Wednesday, October 6, 2010

iTunes scam lies about charges to users' accounts, installs Zeus

Online shoppers face a number of financial risks when they purchase music online. A recent scam targeting Apple's iTunes takes advantage of this, tricking users into clicking on a link to the dangerous Zeus botnet by claiming their accounts were charged with an expensive, unauthorized transaction on the media site.

Security firm PandaLabs uncovered the attack, alerting iTunes users to avoid emails that claim affiliation with Apple's media provider. The scam sends emails to iTunes users with a fake receipt that shows expensive charges to their accounts with the site. The message also provides a link, telling users to click on it to find more information, especially if they are under the impression that they did not make the purchase. The link connects users to a malicious website that installs a fake PDF reader. This program downloads and installs multiple malicious files from a website based in Russia before redirecting the user to a website that launches the Zeus Trojan into their PCs.

The attack is particularly dangerous, as the Zeus Trojan has stolen a total of $70 million by stealing banking and credit card information from consumers and businesses across the globe.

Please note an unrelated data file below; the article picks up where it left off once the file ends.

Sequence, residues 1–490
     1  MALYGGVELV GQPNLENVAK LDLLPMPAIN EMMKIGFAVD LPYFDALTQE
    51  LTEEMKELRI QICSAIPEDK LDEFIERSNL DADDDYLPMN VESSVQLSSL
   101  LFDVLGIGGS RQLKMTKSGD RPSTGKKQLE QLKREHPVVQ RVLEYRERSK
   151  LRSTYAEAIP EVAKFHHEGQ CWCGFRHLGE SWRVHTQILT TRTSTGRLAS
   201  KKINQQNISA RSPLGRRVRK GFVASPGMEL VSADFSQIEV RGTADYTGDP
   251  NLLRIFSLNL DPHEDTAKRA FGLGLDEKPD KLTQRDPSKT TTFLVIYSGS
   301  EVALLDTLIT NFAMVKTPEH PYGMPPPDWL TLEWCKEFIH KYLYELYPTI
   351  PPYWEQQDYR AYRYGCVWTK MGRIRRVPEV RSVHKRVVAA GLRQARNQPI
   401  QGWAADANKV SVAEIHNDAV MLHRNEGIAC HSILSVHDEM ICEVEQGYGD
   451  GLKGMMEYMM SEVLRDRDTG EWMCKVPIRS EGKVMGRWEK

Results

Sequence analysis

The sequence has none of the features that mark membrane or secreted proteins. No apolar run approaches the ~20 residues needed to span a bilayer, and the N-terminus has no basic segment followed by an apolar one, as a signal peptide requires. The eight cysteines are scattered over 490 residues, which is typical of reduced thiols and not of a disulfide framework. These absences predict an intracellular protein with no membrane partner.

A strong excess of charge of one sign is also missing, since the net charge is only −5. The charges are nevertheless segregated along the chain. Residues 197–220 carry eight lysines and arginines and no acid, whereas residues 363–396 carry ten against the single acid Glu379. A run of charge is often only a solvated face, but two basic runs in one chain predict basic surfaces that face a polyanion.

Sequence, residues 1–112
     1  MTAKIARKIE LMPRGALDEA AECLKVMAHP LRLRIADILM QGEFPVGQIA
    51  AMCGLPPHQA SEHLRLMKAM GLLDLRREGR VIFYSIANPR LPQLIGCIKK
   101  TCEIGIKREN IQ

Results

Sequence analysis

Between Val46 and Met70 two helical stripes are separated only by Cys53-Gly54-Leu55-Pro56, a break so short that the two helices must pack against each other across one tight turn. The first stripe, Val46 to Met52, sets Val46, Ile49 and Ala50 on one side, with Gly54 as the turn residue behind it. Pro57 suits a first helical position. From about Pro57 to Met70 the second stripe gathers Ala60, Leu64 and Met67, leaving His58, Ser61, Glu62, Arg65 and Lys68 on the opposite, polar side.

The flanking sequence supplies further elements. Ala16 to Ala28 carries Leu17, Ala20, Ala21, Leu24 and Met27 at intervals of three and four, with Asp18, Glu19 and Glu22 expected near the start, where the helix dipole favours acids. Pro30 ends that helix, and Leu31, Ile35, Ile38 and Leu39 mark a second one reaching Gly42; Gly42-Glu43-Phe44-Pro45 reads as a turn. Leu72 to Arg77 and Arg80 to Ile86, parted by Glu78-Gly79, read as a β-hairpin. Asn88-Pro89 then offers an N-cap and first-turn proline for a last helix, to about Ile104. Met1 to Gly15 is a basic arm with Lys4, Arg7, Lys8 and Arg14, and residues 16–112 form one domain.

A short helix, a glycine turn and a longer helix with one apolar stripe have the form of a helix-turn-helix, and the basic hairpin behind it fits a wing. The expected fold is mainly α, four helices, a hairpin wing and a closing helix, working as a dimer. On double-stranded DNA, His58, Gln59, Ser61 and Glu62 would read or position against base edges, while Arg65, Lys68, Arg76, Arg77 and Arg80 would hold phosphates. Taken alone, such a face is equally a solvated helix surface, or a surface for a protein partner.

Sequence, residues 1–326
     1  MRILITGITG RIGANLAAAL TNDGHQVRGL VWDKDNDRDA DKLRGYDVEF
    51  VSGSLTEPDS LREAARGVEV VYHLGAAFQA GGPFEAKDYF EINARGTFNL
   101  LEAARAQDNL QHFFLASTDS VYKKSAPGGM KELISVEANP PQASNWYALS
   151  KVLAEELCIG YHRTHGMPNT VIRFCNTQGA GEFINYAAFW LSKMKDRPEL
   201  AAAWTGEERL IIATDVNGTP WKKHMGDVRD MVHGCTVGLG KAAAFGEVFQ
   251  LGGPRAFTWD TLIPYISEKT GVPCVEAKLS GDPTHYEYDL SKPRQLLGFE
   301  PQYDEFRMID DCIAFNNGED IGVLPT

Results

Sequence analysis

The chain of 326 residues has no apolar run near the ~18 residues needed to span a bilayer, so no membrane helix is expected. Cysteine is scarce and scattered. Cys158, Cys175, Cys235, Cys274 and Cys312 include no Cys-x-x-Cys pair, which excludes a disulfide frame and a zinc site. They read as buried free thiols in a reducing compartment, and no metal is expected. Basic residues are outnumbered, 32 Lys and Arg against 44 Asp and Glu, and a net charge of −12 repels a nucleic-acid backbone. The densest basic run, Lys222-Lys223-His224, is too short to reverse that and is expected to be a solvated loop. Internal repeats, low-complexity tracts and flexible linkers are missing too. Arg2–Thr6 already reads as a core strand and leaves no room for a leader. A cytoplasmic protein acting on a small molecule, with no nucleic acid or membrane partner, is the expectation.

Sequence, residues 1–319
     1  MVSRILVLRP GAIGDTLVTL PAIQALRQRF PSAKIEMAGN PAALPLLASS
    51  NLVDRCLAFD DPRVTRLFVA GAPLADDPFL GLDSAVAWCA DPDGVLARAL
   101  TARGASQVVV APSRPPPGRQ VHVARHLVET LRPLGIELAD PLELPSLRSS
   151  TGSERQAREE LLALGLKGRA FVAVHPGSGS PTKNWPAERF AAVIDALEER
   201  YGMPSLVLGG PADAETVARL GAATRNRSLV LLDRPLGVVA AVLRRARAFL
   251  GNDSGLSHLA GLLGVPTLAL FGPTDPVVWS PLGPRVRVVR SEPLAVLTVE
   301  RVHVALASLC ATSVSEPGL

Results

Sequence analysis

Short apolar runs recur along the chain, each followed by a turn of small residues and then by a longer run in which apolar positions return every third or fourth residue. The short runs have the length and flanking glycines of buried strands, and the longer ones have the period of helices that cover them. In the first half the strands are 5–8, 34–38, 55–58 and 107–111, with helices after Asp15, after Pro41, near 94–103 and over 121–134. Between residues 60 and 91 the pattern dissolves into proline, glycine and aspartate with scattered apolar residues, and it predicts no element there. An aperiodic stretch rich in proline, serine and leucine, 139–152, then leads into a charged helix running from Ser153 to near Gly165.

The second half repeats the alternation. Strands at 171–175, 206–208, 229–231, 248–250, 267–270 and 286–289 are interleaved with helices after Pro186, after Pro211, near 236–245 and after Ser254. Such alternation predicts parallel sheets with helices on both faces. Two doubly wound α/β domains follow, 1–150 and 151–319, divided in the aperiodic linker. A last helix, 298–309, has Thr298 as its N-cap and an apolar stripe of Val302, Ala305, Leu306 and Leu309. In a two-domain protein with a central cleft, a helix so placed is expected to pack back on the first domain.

Security experts with PandaLabs pointed out the simplicity of this email spam attack. According to the firm's report, the fake receipt one of the users received in the email showed a total of $895.99 in charges, even though the unit price, subtotal and order total added up to a different amount than that.

Ironically, the same cyber criminals that can design an attack to steal millions of dollars with the Zeus Trojan are incapable of completing simple math in their spam emails.

However, even though the scam had a number of format flaws aside from the math mistakes, security experts explained even the simplest scams can successfully steal financial information.

"The techniques used to trick victims continue to be so simple, but the design and content is so very well-orchestrated. It's very easy to fall into the trap," said Luis Corrons, technical director of PandaLabs.

The simplicity of the recent iTunes Zeus Trojan attack shows how malware attacks have begun taking advantage of internet users' concerns. Fooling iTunes users into thinking their accounts were mysteriously charged hundreds or thousands of dollars through a simple email that directly links to a malicious website shows that cyber criminals expected their victims to naturally look for the easiest solution to solve the financial discrepancy. Corrons stresses the fact that this scam can be easy to avoid in the future, as Apple rarely contacts its iTunes users via email.

"When using services such as iTunes, it is absolutely crucial that users never go to the website via email, but rather from the platform itself where they can verify their account status," he said.

As new threats target the habits of online shoppers and their accounts, updating secure anti-malware software can safeguard financial information in case of any other deceptive scams.